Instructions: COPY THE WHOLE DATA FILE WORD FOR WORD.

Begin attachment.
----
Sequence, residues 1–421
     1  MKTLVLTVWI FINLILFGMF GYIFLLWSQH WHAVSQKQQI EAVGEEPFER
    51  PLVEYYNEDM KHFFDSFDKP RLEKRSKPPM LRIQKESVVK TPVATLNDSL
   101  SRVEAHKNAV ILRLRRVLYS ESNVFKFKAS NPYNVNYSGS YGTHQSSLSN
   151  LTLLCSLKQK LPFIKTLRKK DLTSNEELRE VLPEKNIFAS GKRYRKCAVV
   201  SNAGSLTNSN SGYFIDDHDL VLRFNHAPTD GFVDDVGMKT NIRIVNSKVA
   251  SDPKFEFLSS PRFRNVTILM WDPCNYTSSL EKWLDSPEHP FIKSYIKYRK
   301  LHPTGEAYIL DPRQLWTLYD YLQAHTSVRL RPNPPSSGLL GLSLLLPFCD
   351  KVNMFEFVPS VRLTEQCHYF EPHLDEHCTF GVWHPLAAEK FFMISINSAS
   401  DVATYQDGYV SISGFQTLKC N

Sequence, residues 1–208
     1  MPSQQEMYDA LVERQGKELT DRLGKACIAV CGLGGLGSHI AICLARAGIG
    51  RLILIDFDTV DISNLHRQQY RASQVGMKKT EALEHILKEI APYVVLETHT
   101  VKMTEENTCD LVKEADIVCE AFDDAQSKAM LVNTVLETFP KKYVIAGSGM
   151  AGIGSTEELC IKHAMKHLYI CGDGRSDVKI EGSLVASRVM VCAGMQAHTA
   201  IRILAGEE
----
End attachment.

Sequence, residues 1–421
     1  MKTLVLTVWI FINLILFGMF GYIFLLWSQH WHAVSQKQQI EAVGEEPFER
    51  PLVEYYNEDM KHFFDSFDKP RLEKRSKPPM LRIQKESVVK TPVATLNDSL
   101  SRVEAHKNAV ILRLRRVLYS ESNVFKFKAS NPYNVNYSGS YGTHQSSLSN
   151  LTLLCSLKQK LPFIKTLRKK DLTSNEELRE VLPEKNIFAS GKRYRKCAVV
   201  SNAGSLTNSN SGYFIDDHDL VLRFNHAPTD GFVDDVGMKT NIRIVNSKVA
   251  SDPKFEFLSS PRFRNVTILM WDPCNYTSSL EKWLDSPEHP FIKSYIKYRK
   301  LHPTGEAYIL DPRQLWTLYD YLQAHTSVRL RPNPPSSGLL GLSLLLPFCD
   351  KVNMFEFVPS VRLTEQCHYF EPHLDEHCTF GVWHPLAAEK FFMISINSAS
   401  DVATYQDGYV SISGFQTLKC N

Sequence, residues 1–208
     1  MPSQQEMYDA LVERQGKELT DRLGKACIAV CGLGGLGSHI AICLARAGIG
    51  RLILIDFDTV DISNLHRQQY RASQVGMKKT EALEHILKEI APYVVLETHT
   101  VKMTEENTCD LVKEADIVCE AFDDAQSKAM LVNTVLETFP KKYVIAGSGM
   151  AGIGSTEELC IKHAMKHLYI CGDGRSDVKI EGSLVASRVM VCAGMQAHTA
   201  IRILAGEE